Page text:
TMSLi also undergoes direct nucleophilic 1,2-addition to saturated ketones and aldehydes. A novel route for the homologation of sterically hindered ketones which involves the addition of TMSLi to the a-trimethylsilyloxy aldehyde derived from the cyanohydrin of a ketone has been developed.2 The initial alkoxide undergoes an intramolecular oxygen-to-oxygen silyl migration, leading to a b-hydroxy silane (eq 6). Treatment of the b-hydroxy silane with excess base induces alkene formation by a Peterson alkenation reaction. Hydrolysis of the silyl enol ether product then provides the homologated aldehyde. Reduction of the aldehyde to the hydroxymethyl group provides a key intermediate in the synthesis of aphidicolin (eq 6),2 stemodin, and stemodinone.13

Stereoselective nucleophilic addition of TMSLi to 2-methylcyclohexanone provides an intermediate for the study of the stereochemistry of the aliphatic Brook rearrangement (eq 7).14 The reverse Brook rearrangement has provided a method for the synthesis of a variety of (a-hydroxyalkyl)trialkylsilanes which does not require the difficult preparation of trialkylsilyl anions.15 The method involves nucleophilic addition of readily available Tri-n-butylstannyllithium to a carbonyl, O-silylation, and subsequent O-to-C migration of the silyl group induced by Sn-Li transmetalation (eq 8). The yields of (a-hydroxyalkyl)trimethylsilanes obtained by this procedure are frequently greater than the yields obtained by the direct addition of TMSLi. Direct addition of TMSLi16 or TMSK3 to epoxides has also been reported. Due to the stereospecific nature of the Peterson alkenation reaction, the epoxidation and TMSK deoxygenation of an alkene can result in stereospecific inversion of the double bond stereochemistry (eq 9). The epoxidation-deoxygenation sequence has been employed as a method to protect an alkene during catalytic hydrogenation.16 Allylsilanes may be prepared by the SN2 displacement of allyl chlorides.17 The reaction appears to be a direct nucleophilic displacement and does not involve electron transfer processes. TMSLi can also undergo transmetalation to a variety of other organometallic species such as Trimethylsilylcopper. Vinylsilanes can be obtained by the reaction of an alkyne with TMSLi in the presence of MnII and methylmagnesium chloride.18 TMSLi has not been used as extensively as the more readily accessible dimethylphenylsilyllithium for generation of other silyl organometallic reagents.4,19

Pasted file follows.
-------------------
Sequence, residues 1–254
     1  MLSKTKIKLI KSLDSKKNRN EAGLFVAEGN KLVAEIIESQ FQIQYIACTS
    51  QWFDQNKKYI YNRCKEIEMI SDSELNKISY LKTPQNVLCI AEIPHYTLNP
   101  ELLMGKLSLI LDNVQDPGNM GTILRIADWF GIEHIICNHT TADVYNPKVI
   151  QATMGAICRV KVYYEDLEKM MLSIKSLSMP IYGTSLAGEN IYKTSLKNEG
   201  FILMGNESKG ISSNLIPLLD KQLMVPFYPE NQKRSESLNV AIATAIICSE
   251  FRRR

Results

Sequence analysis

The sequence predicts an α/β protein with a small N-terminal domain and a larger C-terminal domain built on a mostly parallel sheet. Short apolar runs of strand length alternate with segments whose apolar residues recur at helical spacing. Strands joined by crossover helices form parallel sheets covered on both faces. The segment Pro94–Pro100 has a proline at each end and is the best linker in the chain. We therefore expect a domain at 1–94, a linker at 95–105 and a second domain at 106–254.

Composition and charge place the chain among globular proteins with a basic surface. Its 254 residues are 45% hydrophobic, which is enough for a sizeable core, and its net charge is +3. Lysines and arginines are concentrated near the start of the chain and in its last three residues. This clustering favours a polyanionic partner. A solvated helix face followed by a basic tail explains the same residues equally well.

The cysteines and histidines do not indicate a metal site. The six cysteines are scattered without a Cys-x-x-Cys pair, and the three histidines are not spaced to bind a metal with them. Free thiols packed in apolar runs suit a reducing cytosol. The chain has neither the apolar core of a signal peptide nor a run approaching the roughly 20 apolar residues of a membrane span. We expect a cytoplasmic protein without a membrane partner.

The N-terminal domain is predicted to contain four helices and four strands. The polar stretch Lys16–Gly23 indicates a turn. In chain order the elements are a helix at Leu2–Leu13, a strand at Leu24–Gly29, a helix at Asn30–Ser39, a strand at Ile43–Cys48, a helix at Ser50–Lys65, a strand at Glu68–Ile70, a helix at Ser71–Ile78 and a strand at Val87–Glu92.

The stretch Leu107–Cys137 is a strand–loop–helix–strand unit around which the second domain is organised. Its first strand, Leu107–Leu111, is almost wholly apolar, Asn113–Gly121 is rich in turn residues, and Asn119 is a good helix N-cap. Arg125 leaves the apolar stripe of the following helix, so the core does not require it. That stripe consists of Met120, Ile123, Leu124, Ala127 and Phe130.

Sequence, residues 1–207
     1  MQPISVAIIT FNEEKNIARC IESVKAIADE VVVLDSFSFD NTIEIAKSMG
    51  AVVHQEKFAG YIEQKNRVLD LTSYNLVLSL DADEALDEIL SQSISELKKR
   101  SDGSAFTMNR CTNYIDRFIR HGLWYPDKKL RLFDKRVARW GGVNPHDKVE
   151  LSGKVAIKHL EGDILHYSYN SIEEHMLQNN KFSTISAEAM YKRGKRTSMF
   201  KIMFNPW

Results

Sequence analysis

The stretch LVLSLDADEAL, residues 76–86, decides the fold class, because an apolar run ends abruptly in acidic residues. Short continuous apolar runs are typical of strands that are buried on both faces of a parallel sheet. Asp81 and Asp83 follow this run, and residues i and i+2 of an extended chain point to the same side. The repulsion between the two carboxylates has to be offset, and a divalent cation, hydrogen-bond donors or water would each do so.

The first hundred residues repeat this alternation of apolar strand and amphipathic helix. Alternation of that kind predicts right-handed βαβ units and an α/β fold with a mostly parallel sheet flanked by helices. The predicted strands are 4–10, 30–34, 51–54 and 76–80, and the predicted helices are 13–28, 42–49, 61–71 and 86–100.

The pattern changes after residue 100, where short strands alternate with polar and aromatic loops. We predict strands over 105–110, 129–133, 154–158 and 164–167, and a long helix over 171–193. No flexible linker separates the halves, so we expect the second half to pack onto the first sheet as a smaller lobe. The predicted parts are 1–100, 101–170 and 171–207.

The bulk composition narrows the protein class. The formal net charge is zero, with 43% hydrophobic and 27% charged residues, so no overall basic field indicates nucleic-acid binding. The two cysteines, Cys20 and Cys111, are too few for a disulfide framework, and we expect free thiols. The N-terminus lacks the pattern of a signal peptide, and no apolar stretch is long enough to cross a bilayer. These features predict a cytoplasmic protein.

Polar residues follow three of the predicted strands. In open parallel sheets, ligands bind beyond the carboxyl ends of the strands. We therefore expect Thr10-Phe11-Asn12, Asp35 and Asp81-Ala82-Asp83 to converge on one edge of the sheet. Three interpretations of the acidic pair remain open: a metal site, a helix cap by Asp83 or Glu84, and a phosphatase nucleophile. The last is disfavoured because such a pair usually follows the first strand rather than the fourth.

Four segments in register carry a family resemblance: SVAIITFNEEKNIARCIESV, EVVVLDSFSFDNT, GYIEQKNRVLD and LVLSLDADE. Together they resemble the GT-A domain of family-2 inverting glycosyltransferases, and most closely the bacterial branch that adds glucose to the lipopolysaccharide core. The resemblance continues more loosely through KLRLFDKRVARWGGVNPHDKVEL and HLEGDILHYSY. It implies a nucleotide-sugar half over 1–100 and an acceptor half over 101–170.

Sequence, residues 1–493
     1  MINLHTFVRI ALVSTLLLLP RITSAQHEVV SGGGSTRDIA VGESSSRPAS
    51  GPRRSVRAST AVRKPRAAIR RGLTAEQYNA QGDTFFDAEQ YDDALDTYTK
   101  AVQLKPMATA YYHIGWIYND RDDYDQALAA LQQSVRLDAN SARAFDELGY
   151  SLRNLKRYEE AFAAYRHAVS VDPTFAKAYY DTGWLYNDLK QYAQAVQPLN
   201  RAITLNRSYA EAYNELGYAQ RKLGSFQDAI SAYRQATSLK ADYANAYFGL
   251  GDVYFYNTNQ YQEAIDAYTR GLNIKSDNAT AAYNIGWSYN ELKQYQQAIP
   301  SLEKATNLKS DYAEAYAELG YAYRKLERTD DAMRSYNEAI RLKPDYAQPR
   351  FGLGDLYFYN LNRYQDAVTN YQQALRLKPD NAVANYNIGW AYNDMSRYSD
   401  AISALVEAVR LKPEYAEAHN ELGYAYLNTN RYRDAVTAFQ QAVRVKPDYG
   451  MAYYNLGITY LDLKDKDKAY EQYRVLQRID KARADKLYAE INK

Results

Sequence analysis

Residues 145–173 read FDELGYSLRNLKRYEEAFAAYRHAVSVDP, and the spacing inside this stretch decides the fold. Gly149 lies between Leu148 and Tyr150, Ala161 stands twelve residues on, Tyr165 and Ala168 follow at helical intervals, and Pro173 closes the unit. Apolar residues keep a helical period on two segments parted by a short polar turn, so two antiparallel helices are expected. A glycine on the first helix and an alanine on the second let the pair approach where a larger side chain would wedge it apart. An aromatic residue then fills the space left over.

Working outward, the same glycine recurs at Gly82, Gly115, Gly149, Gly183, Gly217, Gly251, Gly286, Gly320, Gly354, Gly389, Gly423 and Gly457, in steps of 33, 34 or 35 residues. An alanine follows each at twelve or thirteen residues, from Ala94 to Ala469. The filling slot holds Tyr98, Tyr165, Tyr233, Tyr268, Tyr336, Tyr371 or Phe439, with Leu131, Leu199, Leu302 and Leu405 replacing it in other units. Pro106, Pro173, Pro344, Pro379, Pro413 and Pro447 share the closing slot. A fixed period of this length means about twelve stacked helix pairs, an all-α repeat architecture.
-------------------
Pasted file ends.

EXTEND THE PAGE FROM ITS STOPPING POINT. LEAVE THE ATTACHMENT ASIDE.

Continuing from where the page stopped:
Related Reagents.

Dimethyl(phenyl)silane; Hexamethyldisilane; Trimethylsilylpotassium.


1. Still, W. C. JOC 1976, 41, 3063.
2. Corey, E. J.; Tius, M. A.; Das, J. JACS 1980, 102, 1742.
3. Dervan, P. B.; Shippey, M. A. JACS 1976, 98, 1265.
4. Gilman, H.; Lichtenwalter, G. D. JACS 1958, 80, 608.
5. Sakurai, H.; Okada, A.; Kira, M.; Yonezawa, K. TL 1971, 1511.
6. Corriu, R. J. P.; Guerin, C. CC 1980, 168.
7. Hudrlik, P. F.; Waugh, M. A.; Hudrlik, A. M. JOM 1984, 271, 69.
8. Ilsley, W. H.; Schaaf, T. F.; Glick, M. D.; Oliver, J. P. JACS 1980, 102, 3769.
9. Wickham, G.; Olszowy, H. A.; Kitching, W. JOC 1982, 47, 3788.
10. Barner, B. A.; Meyers, A. I. JACS 1984, 106, 1865.
11. Hudrlik, P. F.; Hudrlik, A. M.; Nagendrappa, G.; Yimenu, T.; Zellers, E. T.; Chin, E. JACS 1980, 102, 6894.
12. Hudrlik, P. F.; Hudrlik, A. M.; Yimenu, T.; Waugh, M. A.; Nagendrappa, G. T 1988, 44, 3791.
13. Corey, E. J.; Tius, M. A.; Das, J. JACS 1980, 102, 7612.
14. Hudrlik, P. F.; Hudrlik, A. M.; Kulkarni, A. K. JACS 1982, 104, 6809.
15. Linderman, R. J.; Ghannam, A. JACS 1990, 112, 2392.
16. Oliver, J. E.; Schwarz, M.; Klun, J. A.; Lusby, W. R.; Waters, R. A. TL 1993, 34, 1593.
17. Smith, J. G.; Drozda, S. E.; Petraglia, S. P.; Quinn, N. R.; Rice, E. M.; Taylor, B. S.; Viswanathan, M. JOC 1984, 49, 4112.
18. Hibino, J.; Nakatsukasa, S.; Fugami, K.; Matsubara, S.; Oshima, K.; Nozaki, H. JACS 1985, 107, 6416.
19. Fleming, I.; Newton, T. W.; Roessler, F. JCS(P1) 1981, 2527.

Russell J. Linderman

North Carolina State University, Raleigh, NC, USA